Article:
[ Strong opinions sometimes in this humble blog of ours, occasionally without even any research or facts to back them up, please feel free to interact or discuss with respectful language, mabuhay!]
ALMOST TO A FAULT (halos kasalanan na), Filipinos (“Pinoys”) are crowd pleasers, moderators, facilitators and coordinators. We are eager to please, loathe to disagree or argue, and doggedly try to take one for the team at all times, at risk of life and limb. Masyado tayong magaling makisama.
But do we sometimes go too far in playing the nice guy? Do we too often risk our dignity, self-respect and well-being in our desire to defer to our boss and peers, keep our head down and maintain good relations?
Put another way, how many times have you seen kabayan (countrymen or women) suffering from timidity, low self-esteem and an unusually high dose of self-deprecation?
I may be wrong, but the weight of tradition and culture bears heavily on typical Filipino behavior. Tradition dictates that we respect or defer to our seniors and elders (at home and at work), to “never outshine the master,” to avoid direct confrontation unless totally necessary, and all these combine to produce a typical Filipino prone to bullying and harrassment.
May I offer a few examples or reasons of the above?
ang Pinoy masyadong matiisin. Google Translate offers a few translations (“patient,” “stoic,” “long-suffering”) but none quite captures all the nuances and layers of meanings involved in matiisin. In a concrete example: If as a worker you were paid 35% to 40% less than your non-Filipino counterparts, bunked at least four to a room in crappy quarters, charged exorbitant rent and interest by landlords and lenders, and yet chose not to divulge such distressful circumstances to anyone in authority, that would be an outrage, but not for your fellow Filipinos in the same boat.
You might find it hard to believe this actually happened, but this was the finding among a significant number of Pinoy builders (carpenters, masons and scaffolders) in the ongoing Christchurch rebuild program in the southern part of New Zealand.
In many situations, in someone like me (a blogger) lies the responsibility to explain, give more details or at least shed some light on a situation I read about. But not here. Just read the story and everything is self-explanatory. Ginigisa sila sa sariling nilang mantika, and not one word of complaint will be heard from them.
Matiisin in this case might be seen as a virtue by our countrymen back home, but given the suffering, relative unfairness and lack of response by the NZ government, I’m not so sure. And remember, beyond the sacrifice of every Pinoy worker here, there are at least two more people (a spouse and a child) back home.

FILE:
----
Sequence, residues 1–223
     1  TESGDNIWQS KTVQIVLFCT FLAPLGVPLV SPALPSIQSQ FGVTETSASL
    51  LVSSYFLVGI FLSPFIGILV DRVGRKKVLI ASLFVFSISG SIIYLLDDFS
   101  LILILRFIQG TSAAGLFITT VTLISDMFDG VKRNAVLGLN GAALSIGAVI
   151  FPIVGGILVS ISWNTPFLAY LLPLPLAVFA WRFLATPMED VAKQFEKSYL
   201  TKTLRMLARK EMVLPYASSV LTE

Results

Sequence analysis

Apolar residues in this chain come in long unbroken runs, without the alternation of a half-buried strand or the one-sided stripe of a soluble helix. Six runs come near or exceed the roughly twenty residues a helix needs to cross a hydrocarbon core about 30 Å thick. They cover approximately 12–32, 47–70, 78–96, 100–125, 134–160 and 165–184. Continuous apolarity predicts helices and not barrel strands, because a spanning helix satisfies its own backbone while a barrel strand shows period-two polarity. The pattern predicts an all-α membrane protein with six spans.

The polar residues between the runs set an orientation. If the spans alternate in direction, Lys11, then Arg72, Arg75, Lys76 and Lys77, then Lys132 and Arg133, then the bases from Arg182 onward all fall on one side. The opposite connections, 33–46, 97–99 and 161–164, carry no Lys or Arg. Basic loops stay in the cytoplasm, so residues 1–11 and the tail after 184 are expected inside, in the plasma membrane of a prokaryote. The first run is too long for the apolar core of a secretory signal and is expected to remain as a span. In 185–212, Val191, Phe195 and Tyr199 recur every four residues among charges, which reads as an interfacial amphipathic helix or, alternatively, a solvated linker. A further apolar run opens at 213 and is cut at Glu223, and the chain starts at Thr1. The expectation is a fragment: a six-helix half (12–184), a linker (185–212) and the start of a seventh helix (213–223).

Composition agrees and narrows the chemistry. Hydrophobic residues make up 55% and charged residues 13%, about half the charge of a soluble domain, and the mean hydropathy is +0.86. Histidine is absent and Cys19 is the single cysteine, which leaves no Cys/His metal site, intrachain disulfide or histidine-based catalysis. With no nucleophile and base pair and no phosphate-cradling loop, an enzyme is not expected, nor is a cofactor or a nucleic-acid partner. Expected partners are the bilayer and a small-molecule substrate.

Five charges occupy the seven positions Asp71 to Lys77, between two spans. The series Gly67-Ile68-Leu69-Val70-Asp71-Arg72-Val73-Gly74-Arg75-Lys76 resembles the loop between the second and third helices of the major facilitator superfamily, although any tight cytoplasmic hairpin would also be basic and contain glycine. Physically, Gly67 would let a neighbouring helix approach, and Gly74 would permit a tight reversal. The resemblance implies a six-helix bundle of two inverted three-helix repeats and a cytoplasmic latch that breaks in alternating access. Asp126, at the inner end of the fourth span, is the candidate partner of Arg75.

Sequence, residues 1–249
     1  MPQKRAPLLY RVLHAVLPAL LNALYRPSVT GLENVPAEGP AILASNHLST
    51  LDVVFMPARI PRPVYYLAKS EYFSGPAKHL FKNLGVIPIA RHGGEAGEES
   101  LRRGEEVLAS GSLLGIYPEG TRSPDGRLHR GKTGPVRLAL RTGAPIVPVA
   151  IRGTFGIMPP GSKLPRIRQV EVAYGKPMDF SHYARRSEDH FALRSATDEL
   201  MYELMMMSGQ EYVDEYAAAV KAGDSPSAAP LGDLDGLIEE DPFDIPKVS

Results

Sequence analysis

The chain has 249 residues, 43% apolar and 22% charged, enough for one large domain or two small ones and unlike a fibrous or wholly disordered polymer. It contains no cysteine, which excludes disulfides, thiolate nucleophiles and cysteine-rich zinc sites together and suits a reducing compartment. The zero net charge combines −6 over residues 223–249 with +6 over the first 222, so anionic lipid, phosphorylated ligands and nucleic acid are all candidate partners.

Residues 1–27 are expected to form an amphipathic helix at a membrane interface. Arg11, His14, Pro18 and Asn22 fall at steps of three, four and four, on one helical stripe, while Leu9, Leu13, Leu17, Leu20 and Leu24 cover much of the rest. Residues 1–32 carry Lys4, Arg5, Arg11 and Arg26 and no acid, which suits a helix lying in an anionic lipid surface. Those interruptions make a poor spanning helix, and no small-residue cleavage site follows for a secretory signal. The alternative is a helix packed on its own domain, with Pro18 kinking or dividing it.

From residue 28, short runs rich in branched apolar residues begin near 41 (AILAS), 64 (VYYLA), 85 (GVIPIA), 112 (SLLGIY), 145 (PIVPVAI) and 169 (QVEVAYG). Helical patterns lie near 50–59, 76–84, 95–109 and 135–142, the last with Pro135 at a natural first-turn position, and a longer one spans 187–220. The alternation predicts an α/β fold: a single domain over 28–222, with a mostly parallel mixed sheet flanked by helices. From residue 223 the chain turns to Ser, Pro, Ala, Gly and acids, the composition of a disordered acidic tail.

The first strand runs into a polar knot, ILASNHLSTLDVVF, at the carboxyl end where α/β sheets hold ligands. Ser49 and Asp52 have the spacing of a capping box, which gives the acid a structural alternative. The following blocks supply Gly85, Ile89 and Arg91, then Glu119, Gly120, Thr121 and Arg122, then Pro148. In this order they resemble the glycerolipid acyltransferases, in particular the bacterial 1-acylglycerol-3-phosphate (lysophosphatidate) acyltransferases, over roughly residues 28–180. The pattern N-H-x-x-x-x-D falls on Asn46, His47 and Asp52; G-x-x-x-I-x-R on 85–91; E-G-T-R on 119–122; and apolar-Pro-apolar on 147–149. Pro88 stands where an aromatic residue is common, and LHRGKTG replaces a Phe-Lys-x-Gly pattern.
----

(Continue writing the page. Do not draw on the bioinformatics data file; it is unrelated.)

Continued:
ang Pinoy madaling magtiwala ng kapwa Pinoy. Here’s another shocker. Imagine working at least 10-hour days with no breaks for six days a week (and getting paid for only 40 hours), living in a makeshift room in your employer’s garage (and paying $150 weekly for such spartan lodgings), and not getting paid the last 3-and-a-half months of your 18 month contract. Worse, you would be “reported to the police” and sent home if you didn’t perform well in your job.
And the reason you naively believed and abided in such work conditions ? Mainly because you were a guest worker in faraway New Zealand and, worse, you trusted that you would be taken care of by fellow Filipinos, who ultimately took advantage of your trusting nature.
You can read all about this shocking case of exploitation here.
ang Pinoy di marunong halagahan ang sariling kakayahan. All over the world, you hear of the excellent and world class quality of our Filipino nurses. Not only are our nurses hardworking, dedicated and treat their patients like family, nurses are skilled enough to specialize. We have Filipino surgical nurses, cardiology nurses, neurology nurses, pediatric nurses who are trusted by doctors and medical teams the world over, who have the technical and professional expertise well beyond their years.
And yet, inexplicably, these same Filipino nurses are being set aside to work almost exclusively in aged care wards and institutions in New Zealand. Not that there’s anything wrong with that, but our nurses can do so much more. We are kind, compassionate, treat our wards and patients like family, but that is not enough reason to employ our nurses for aged care alone. It sounds like we are being underutilized and at worst, tolerates a mild form of racism.
Again, because Filipinos are grateful just to work in New Zealand, don’t complain until we are in the most desperate of circumstances, can’t assert ourselves the way other nationalities do, and are respectful, sometimes too respectful to our hosts, you will never hear anything about this form of inequity until someone takes a very close look at the situation.
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So there you have it, both direct and indirect exploitation of Filipino labor in what is supposed to be one of the best places in the world to work in, New Zealand. I still believe in the fairness and justice of the latter, but definitely these situations above are no longer just the exceptions to the rule.
Needless to say, these are gathered not just from stories and anecdotes from our kabayan and colleagues, but from actual newspaper reports, interviews and surveys. Please add any of the horror stories you know in the comments section below.
Mabuhay po tayong lahat, at mabuhay ang New Zealand!
Thanks for reading!